to be continued

In the corner of a beautiful garden stands a bronze statue of a diminutive Greek figure clad in a kitchen apron. The expression on his face is warm and inviting. No rearing horse, no sword drawn in anticipation of an impending charge, nothing that signals either great achievement or noble purpose. Simply a man with a smile. Who was this common figure? At Lebanon Valley College, alums, students, and faculty can tell you in a heartbeat. His name was ”˜Hot Dog’ Frank and he was beloved.

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The owner of a small hot dog stand in town, Frank fed generations of students who had, and didn’t have, the price of a hot dog. His comment was, ”˜Pay me when you can.’ Then he’d deliberately forget just how much was really owed.

Frank Aftosomes was one of LVC’s greatest basketball fans, frequently jumping out of the stands to exhort the crowd – with his strong Greek accent – to cheer louder. In 1994, the Dutchmen were making a run at the National Championship against NYU – a true David and Goliath story. Sadly, Hot Dog Frank passed away just before that game, but the radio broadcaster, Paul Harvey, told “the rest of the story.”

At the last second NYU made a shot that apparently won the game. But the referees waved the shot off saying the buzzer had just sounded before the ball left the player’s hands. In overtime, the Dutchmen went on to victory over the heavily favored NYU team. And as Paul Harvey said, and lore would have it, ”˜Everyone that day knows whose finger was on that buzzer.’

In one form or another, every campus has such stories. These stories become part of the college’s lore and, as such, bind the community together over multiple generations. Special places on campus are opportunities to preserve the community’s memories and strengthen the bonds across generations.   Whether it’s the famous Grotto of Our Lady of Lourdes at Notre Dame or the Algonquin maiden, Cuewe-Pehelle of the Lebanon Valley, these places are powerful reminders of a college’s longevity and stability.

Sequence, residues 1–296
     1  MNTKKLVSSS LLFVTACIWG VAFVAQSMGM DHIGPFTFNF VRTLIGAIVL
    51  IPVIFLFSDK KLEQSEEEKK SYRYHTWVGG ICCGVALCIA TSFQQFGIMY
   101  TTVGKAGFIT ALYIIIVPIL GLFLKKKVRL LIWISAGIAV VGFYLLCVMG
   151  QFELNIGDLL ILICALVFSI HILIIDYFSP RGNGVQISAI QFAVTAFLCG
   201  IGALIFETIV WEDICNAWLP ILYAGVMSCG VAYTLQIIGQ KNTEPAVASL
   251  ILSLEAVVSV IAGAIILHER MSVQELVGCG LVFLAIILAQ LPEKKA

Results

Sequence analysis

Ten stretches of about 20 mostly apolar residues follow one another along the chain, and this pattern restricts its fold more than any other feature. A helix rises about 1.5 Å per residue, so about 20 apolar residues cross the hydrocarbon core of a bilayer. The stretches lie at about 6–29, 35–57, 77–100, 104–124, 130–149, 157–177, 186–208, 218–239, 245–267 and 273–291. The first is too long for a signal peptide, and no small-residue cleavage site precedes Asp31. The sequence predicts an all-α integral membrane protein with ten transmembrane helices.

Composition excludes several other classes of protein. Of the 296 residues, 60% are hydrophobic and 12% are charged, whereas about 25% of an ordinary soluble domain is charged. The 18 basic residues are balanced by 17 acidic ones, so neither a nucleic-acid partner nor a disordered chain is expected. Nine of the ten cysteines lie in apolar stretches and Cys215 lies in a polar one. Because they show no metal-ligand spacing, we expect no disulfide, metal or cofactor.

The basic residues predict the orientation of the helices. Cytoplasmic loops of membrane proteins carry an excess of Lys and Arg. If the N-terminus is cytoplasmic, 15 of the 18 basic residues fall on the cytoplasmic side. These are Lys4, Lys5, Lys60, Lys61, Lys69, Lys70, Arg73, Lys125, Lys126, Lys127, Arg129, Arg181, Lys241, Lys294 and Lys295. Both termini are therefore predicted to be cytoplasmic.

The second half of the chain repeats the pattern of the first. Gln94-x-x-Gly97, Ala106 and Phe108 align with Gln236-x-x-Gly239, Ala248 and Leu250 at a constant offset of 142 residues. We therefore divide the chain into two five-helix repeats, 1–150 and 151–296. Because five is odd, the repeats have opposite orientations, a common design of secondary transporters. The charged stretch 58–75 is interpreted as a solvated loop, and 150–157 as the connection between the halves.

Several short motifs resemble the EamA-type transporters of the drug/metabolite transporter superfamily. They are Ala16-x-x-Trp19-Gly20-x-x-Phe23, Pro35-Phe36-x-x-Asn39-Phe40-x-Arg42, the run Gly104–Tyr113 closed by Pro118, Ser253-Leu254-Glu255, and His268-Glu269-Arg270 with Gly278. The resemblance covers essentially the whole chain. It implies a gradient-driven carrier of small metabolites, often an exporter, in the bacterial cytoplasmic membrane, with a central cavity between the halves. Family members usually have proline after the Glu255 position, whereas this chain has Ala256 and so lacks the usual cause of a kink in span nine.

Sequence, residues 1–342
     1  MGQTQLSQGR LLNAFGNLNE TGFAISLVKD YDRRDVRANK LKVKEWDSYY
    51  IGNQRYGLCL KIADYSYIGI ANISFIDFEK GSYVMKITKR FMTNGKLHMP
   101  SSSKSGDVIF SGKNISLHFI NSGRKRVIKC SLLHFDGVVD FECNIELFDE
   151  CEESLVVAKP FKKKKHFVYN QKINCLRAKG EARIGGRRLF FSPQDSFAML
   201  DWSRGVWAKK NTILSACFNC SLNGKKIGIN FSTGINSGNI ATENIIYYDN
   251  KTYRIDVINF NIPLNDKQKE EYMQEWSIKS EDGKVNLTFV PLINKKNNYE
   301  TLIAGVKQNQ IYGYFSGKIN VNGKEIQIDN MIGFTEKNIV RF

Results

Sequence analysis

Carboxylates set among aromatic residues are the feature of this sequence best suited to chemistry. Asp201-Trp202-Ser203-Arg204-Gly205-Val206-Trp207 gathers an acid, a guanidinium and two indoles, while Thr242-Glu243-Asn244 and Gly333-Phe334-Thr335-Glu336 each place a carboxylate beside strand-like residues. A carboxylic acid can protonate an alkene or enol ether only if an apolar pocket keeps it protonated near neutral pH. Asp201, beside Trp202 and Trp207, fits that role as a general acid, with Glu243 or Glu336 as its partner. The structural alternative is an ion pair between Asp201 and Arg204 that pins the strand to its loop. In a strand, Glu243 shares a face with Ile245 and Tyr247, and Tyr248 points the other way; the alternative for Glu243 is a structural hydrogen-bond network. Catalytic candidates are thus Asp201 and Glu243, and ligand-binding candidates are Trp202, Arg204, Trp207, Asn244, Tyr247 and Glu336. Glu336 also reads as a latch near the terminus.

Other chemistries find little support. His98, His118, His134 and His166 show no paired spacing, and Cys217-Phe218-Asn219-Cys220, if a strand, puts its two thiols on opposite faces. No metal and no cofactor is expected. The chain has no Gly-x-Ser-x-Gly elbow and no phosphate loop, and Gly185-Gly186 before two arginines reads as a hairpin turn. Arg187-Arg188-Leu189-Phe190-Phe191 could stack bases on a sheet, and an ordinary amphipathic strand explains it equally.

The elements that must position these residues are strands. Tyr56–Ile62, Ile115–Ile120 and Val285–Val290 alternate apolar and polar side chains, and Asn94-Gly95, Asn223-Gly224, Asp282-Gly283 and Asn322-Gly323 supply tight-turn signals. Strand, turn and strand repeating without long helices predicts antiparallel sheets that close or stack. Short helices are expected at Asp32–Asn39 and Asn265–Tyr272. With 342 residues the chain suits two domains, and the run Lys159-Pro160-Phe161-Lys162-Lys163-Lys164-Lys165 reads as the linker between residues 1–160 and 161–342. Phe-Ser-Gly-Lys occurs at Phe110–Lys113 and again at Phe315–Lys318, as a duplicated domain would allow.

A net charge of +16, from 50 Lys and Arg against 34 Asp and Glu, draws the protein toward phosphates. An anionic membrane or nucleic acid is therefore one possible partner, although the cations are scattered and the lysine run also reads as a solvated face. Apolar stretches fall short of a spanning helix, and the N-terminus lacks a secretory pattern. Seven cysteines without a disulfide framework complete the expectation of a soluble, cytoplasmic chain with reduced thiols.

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LVC statue

One can get a pretty clear indicator of which spaces on your campus constitute ”˜special places’ in the minds and hearts of your alumni and students. Where do families and friends take the most pictures when visiting campus? On Family Days, Parents Days, and Graduation Days, where are the commemorative photo opportunities most frequently occurring? Whether at the revered old oak, in the mascot garden, on the steps of Old Main, or at a beloved sculpture or grotto ”“ special spaces need to be treasured and elevated to the status of tradition.

As has often occurred with many campuses that evolved over decades, special spaces can be lost and so, the traditions and memories that accompanied them. Such was the case with Birmingham-Southern College. No singular place stood out as particularly evocative of the threads of the past.

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One solution was to create such a space. A perfect example was tied to the classic rite of passage of graduation and the new Urban Environmental Park. Within the park, a long walking bridge spanned a portion of the lake. In 2010, following the graduation ceremony, new graduates processed through the park and then each graduate walked across the bridge. This was a joyous moment and a wonderful photo opportunity for parents and friends. Now every graduate, past and future, will have this memory of crossing over.

Does your campus have long-standing traditions tied to special places?

Or do you need to create these spaces and traditions for tomorrow?

How will you tell the rest of the story?